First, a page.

Another day, another dollar, another tale of security exploits. The Internet kitchen is open 24/7, and the chefs have shown no desire to stop thus far. For this week's edition of Tuesday Newsday™, we'll be kicking things off with a developing breach and its subsequent fallout: Okta.
Hackers were able to see private customer information after accessing Okta's customer support system. Security firm Beyond Trust has stated that they notified Okta of a potential breach as early as October 2, with Okta finally admitting they had indeed been breached on October 19. The recent MGM breaches were also conducted via means of social engineering and gaining access to employees' Okta authentication. Oh, and Okta also has no idea how the hackers actually managed to pull this off...yikes.
Multiple countries and law enforcement agencies collaborated to take down the ransomware group's data leak site. While some modern ransomware groups are open to negotiation, RagnarLocker has a take-it-or-leave-it kind of vibe. They also try to use scare tactics to discourage victims from contacting the FBI, so this bust comes with an extra fresh dose of karma.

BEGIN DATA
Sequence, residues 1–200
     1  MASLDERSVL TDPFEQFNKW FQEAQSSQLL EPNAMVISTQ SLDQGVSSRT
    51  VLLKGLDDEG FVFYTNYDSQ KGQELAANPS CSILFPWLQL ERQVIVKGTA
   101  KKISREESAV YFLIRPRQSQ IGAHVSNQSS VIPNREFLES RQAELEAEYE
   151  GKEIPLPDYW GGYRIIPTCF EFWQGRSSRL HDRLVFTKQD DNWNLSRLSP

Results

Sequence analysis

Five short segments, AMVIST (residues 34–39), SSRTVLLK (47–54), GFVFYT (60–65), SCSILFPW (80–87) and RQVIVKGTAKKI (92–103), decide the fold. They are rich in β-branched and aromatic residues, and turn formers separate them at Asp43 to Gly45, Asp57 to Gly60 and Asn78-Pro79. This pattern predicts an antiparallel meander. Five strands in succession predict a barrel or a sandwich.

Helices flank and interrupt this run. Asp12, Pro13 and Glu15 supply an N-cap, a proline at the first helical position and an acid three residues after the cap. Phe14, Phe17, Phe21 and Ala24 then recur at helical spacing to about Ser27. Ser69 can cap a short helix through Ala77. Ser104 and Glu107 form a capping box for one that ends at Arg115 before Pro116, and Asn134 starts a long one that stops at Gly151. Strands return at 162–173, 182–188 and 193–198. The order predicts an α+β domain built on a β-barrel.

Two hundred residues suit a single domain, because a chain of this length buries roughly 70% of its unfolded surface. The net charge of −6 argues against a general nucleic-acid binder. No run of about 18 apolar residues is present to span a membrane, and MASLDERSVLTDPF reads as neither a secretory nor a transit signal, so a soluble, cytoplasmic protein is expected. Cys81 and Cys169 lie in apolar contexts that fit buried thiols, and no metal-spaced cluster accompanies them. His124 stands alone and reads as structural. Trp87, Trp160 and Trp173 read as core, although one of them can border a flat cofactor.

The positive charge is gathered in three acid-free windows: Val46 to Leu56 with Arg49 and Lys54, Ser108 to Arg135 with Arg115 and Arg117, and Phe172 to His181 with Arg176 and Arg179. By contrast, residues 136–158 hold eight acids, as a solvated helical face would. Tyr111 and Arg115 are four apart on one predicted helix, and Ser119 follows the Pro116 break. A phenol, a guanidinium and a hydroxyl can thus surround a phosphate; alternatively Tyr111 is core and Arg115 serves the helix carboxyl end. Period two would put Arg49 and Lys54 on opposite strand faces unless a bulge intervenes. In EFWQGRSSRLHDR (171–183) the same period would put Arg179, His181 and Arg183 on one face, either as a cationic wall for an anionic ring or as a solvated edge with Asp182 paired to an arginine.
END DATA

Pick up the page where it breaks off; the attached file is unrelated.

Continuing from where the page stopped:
The District of Columbia Board of Elections (DCBOE) has announced that a threat actor breached their web server in early October and allegedly has access to the entire voter role of the District of Columbia. The exposed data contains a significant amount of personally identifiable information, such as driver's license numbers, dates of birth, partial social security numbers, and contact information like phone numbers and email addresses.
- If your organization uses Okta for ID verification, you should do a systems audit at the very least
- Say goodbye to RagnarLocker and hello to... (insert next inevitable major ransomware name here)
- The government can't keep your data safe, why would you trust any private company to?
Every week, I come back here and preach the same message: Your data is vulnerable. Safeguarding it is in your best interest. It's also part of a proactive and comprehensive privacy strategy. Use of a VPN like Windscribe is one of many tools in your arsenal you should be using to keep hackers at bay and your data safe.